“My characters are, often, constantly on the move. I wonder if that’s because I’m the daughter of people that left somewhere that was troubled and moved here to the UK,” she says. “My mom’s also Palestinian-Bosnian, and she came from Beirut to London. I wonder, is that something that I’ll always have? Like, will I ever make a film of someone who is just sitting in one room? I doubt it. Because for me, I can’t understand what story that would be. To me, it’s always ‘You’re moving, you’re moving!’ And I’m wondering if that was me searching for something.”

‘Luxor’ stars Andrea Riseborough, Michael Landes, Shireen Reda and Karim Saleh. Supplied

While Durra’s films may always feature characters who are in transit, the way she handles that material has matured, as much of that journey has moved beyond just the physical world into the emotional and even spiritual.

“The first film I made was more rock and roll. It was a younger movie in spirit. ‘Luxor’ was much more about the other side of that,” she says. “There’s a deep, subconscious psyche that I was trying to deal with.”

Durra recently turned 44, and the experience has made her reflect, she says. Aged 22, half a lifetime ago, Durra moved to the US to attend the legendary film school of New York University, a dream she’d had since she was a child.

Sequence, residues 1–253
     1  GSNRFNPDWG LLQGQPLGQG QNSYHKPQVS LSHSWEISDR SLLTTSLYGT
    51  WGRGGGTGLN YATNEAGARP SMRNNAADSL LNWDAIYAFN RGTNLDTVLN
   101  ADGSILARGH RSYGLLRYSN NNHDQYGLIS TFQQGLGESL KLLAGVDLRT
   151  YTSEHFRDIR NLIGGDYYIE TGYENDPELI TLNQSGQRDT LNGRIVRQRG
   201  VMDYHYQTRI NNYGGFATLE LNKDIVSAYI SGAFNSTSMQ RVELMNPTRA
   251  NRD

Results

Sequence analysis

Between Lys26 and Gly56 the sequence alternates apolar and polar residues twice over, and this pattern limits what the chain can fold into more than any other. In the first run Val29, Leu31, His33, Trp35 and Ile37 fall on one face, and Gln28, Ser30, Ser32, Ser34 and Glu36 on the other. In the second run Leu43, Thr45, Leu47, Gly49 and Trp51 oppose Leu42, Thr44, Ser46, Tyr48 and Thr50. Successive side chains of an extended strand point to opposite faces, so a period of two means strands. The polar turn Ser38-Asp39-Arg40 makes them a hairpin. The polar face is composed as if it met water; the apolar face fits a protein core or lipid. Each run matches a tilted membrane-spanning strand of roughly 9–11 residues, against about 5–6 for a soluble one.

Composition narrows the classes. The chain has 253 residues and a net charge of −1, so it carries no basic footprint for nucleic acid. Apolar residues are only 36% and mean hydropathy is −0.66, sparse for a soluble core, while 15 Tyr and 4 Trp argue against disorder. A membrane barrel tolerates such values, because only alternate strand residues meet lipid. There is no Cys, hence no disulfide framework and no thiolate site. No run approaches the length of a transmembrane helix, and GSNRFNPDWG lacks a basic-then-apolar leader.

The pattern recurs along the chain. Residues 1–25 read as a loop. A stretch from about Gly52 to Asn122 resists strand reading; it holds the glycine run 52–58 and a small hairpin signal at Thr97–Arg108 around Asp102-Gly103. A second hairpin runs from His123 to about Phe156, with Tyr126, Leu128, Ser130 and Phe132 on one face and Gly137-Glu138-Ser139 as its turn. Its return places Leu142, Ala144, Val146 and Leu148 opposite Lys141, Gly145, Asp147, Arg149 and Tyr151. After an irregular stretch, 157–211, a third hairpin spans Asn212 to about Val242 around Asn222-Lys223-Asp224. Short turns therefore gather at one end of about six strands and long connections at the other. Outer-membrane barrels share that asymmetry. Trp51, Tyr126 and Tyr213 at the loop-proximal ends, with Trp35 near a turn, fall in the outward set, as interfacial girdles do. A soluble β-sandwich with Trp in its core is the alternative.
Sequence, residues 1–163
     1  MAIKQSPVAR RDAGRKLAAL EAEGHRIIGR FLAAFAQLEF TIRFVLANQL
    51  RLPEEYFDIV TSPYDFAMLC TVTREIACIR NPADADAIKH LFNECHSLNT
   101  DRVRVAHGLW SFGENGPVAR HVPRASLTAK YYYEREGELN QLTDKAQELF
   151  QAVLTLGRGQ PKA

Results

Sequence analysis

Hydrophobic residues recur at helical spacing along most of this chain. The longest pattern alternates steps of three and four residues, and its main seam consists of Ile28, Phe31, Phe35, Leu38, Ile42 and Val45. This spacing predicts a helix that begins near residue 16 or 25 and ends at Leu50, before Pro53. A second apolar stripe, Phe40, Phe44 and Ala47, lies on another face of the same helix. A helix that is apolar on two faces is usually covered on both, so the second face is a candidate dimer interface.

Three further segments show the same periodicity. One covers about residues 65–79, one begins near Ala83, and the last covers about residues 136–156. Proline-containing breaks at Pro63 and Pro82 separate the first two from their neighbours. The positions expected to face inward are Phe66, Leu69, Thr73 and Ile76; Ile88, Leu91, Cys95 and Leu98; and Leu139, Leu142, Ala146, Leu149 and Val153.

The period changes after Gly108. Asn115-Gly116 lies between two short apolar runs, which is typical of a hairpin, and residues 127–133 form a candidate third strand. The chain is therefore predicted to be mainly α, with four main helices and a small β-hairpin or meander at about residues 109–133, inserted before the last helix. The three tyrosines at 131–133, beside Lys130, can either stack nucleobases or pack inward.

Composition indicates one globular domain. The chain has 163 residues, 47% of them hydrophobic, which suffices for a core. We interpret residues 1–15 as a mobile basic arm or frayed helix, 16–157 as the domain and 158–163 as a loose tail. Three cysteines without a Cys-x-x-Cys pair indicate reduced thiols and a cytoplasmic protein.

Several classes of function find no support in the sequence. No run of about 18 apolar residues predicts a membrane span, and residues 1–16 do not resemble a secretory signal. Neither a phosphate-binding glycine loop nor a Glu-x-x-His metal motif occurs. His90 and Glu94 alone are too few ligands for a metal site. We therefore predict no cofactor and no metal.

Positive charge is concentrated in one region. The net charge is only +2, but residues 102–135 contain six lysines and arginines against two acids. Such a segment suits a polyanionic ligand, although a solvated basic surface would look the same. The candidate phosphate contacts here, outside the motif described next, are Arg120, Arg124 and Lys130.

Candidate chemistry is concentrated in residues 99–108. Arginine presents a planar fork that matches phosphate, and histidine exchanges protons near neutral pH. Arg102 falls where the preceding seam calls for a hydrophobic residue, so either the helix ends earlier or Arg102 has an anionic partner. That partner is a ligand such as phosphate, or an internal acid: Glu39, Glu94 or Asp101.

As an Arab filmmaker, the most important lesson she learned there were to trust her vision rather than to do what every other peer or teacher thought she should, especially if she was dealing with subject matter that others did not understand as well as she did.

The film is writer-director Zeina Durra’s feature. Supplied

“It’s really important to be kind to oneself. I just know that I really know what I’m doing. Back in the day, there’d be a lot of people that would say, ‘Are you sure you want to do it that way? Why don’t you do it this way?” In my head I’d say, ‘No, I don’t want to do it that way,’ but you listen to them anyway. Now I know what to listen to and what not to listen to,” says Durra.

“You have to work out that, if you have a singular voice, which you probably do if you’re from the MENA region, (you have to trust it). People from the region are still misunderstood, so you come from a place and you have so much to say, you have to find the right people to work with and listen to,” she continues.

For Durra, it’s people she met when she was 22 that are still her favorite collaborators, and her greatest champions.

“Don’t dismiss anyone that you meet, because you don’t know who anyone’;s going to become. In the end, film is tough. A lot of people don’t stick around and those who are still in it 22 years later, they’re pretty much in it, you know? One thing that’s thing that’s really nice is that all the people I’m working with I really have known for years.”

Without those people, Durra would not be able to tell stories that others wouldn’t, the stories that never make the news but are just as essential as those that do, especially in the Middle East. Durra has many more stories she wants to tell about the region. With a little help from her friends, she will continue to for decades to come.